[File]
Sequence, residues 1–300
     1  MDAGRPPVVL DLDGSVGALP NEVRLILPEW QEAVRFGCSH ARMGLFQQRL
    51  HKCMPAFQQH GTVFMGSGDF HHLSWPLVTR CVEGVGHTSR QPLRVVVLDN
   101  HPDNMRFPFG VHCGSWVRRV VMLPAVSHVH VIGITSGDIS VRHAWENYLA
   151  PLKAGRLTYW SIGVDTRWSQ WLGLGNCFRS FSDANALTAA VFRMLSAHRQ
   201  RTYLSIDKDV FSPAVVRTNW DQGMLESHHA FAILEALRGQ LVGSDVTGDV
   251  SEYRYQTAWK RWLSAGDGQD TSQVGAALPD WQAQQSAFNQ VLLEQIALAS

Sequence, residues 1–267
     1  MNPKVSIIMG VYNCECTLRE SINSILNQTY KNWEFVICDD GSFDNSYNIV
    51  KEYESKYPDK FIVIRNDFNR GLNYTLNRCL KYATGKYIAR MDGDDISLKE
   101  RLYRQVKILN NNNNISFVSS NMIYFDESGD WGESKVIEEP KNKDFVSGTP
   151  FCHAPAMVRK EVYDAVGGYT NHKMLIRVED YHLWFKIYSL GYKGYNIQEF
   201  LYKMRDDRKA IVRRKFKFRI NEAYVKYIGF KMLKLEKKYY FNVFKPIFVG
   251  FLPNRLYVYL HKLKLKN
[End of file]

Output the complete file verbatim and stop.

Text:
Sequence, residues 1–300
     1  MDAGRPPVVL DLDGSVGALP NEVRLILPEW QEAVRFGCSH ARMGLFQQRL
    51  HKCMPAFQQH GTVFMGSGDF HHLSWPLVTR CVEGVGHTSR QPLRVVVLDN
   101  HPDNMRFPFG VHCGSWVRRV VMLPAVSHVH VIGITSGDIS VRHAWENYLA
   151  PLKAGRLTYW SIGVDTRWSQ WLGLGNCFRS FSDANALTAA VFRMLSAHRQ
   201  RTYLSIDKDV FSPAVVRTNW DQGMLESHHA FAILEALRGQ LVGSDVTGDV
   251  SEYRYQTAWK RWLSAGDGQD TSQVGAALPD WQAQQSAFNQ VLLEQIALAS

Sequence, residues 1–267
     1  MNPKVSIIMG VYNCECTLRE SINSILNQTY KNWEFVICDD GSFDNSYNIV
    51  KEYESKYPDK FIVIRNDFNR GLNYTLNRCL KYATGKYIAR MDGDDISLKE
   101  RLYRQVKILN NNNNISFVSS NMIYFDESGD WGESKVIEEP KNKDFVSGTP
   151  FCHAPAMVRK EVYDAVGGYT NHKMLIRVED YHLWFKIYSL GYKGYNIQEF
   201  LYKMRDDRKA IVRRKFKFRI NEAYVKYIGF KMLKLEKKYY FNVFKPIFVG
   251  FLPNRLYVYL HKLKLKN